Why Government thinking has to change to prevent an obesity crisis


Friday 4th January 2013

  • Did you promise to lose weight in 2013 as well as me?

  • New report tells it like it is for a fat nation

  • The making of a national fat fuelled disaster


A very happy New Year to one and all.

The Collins family entered into 2013 amongst friends in Durham, accompanied by fine food and a drop or two of good red wine. I trust your celebrations were as enjoyable.

Now I’m back in harness, looking out across my still growing lawn and listening to the dogs’ gentle snores from under the desk trying to put a few plans in place.

January is a time when we traditionally try to take stock, plan for the next twelve months and attempt to repair the damage we suffered in the previous year.

I generally find this process a little uncomfortable, and feel like I’m looking at the new year from the bottom of a long and steep hill; there seems like an awful lot of work to be done before I get to the summit.

My body shaping commitment I refuse to mention the dreaded D word) is well underway with plenty of fresh vegetables, a bit of fruit and abstinence from sweet temptation aided by my daily ration of [Honey, Garlic & Vinegar capsules.

So, all’s right with the world there.

Although it seems that the world is beginning to wake to the real need for us all to consider our bodies a little more carefully.

The medical professionals have woken up to the fact that they might need to be thinking about dealing with the causes rather than just treating symptoms for some of the most significant conditions like heart disease and diabetes.

On New Year’s day a report published by the Royal College of Physicians said that the NHS had to adapt to the demands of an increasingly obese nation.

With one in four UK adults now classed as being obese they maintain that this is the primary cause for an increase in healthcare challenges.

Rates of type 2 diabetes, cardiovascular disease and gastrointestinal dysfunctions have increased alarmingly – and things are set to get worse as the experts predict that by 2050 the majority of our population will be obese.

One of the reports authors, Professor Nick Finer said;

“We need to see improved leadership on obesity at every level; from the appointment of a lead physician in every trust, to the creation of a cross- governmental role.”

This interested me because it is the first time I have heard anyone starting to link the activities of the medical profession and government in the role of dealing with this major problem.

Being obese needs a national approach

For too long we have been told that we are overweight because we gorge on too much fat and sugar, choosing to drown ourselves in vats of booze and prefer the comfort of our sofas rather than the gym.

We are gluttonous and weak-willed salad dodgers seems to be the common subtext.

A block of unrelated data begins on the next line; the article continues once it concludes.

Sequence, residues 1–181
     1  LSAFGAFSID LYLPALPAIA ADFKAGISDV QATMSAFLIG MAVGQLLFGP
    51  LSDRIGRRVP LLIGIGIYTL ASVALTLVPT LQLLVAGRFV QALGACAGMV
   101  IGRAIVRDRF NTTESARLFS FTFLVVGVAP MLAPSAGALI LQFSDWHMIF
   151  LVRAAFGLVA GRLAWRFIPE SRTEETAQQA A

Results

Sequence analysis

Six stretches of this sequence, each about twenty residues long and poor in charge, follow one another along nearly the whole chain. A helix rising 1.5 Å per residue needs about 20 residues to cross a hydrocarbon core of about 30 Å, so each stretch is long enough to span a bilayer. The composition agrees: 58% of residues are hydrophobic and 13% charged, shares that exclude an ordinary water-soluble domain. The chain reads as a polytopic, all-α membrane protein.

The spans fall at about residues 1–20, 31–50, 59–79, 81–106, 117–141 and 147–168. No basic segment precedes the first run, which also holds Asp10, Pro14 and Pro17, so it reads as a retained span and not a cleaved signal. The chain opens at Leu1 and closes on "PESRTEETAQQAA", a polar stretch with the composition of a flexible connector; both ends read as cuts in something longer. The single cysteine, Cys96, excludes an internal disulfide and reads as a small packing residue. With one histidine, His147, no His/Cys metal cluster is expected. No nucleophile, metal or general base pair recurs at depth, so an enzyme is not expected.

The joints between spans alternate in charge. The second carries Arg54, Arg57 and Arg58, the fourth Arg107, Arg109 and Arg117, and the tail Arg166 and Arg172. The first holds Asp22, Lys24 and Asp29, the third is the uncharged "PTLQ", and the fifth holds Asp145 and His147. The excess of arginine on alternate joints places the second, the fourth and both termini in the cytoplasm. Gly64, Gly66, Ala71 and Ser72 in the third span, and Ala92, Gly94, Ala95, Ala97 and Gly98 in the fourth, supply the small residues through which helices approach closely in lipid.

But here is a learned man saying that we need to do things differently and at all levels of society.

As Professor Lindsay Davies, president of the Faculty of Public Health, said in a statement welcoming the report and urging the government to be more proactive in addressing obesity;

"Obesity is not only caused by how much we each eat or drink: if tackling it were as simple as telling people to eat less and move more, we would have solved it by now.

"Our chances of being obese are also affected by factors like whether we have easy access to affordable fruit, veg and other healthy foods, and if it safe to let our kids play outside."

Hurrah! Surely this is what we have been calling for over the last ten years; sensible and logical ways for everyone to have access to good food, open spaces and clear information.

Our government HAS to begin to tackle the food crisis by stamping on those who dominate our diets; the corporate sugar and fat barons who infest our lives.

Taking steps to rid our town centres of bad food outlets is an easy matter of planning constraint, public outrage and taxation.

The health leaders have to start making life uncomfortable for purveyors of bad food, hitting them where it hurts – their cashflow.

If not then all the poster and T-shirt campaigns will become nothing more than tumbleweed blowing across a fast food dominated landscape.

The road of hell

Never was the proliferation of junk food more obvious than on my journey back south this week.

Every service station I passed on the motorway was either sponsored by or owned by a fat-pushing company.

McDonalds, KFC and Burger King were present at every fuel stop, shelves in the shops were groaning under the weight of crisps, chocolates and sugary drinks.

I was looking for a fresh apple, a bit of cheese and a pork pie (yes, I know that pork pie isn’t a diet food but at least I know what I’m eating when I have one!) to make a family friendly ploughman’s lunch – but to no avail.

We could have had chocolate covered anything, sugar rich biscuits or the obligatory cheese burger at every corner – and all at very low prices – but nothing even vaguely fresh or healthy.

To be honest I could do with losing a few pounds (hence the body shaping pledge for January) so skipping lunch wasn’t a problem, but I did need to get the kids something so we ended up heading off road and finding a village pub.

Sated with good doorstep home cured ham sandwiches we rejoined the motorway and began counting the cars with people in eating their burgers; it turned out that a frightening number of travellers were face down in a burger box.

When we have no choice and our minds dominated by the subliminal messages derived from advertising campaigns it is no wonder that we reach for stodge.

This is why the government has to act.

 

Yours, as always


Ray
PS Click here and have a look a the January Sale on the Good Life Shop for some excellent money saving health bargains to start your year with a bang.


 

 


 

 

 

 

 

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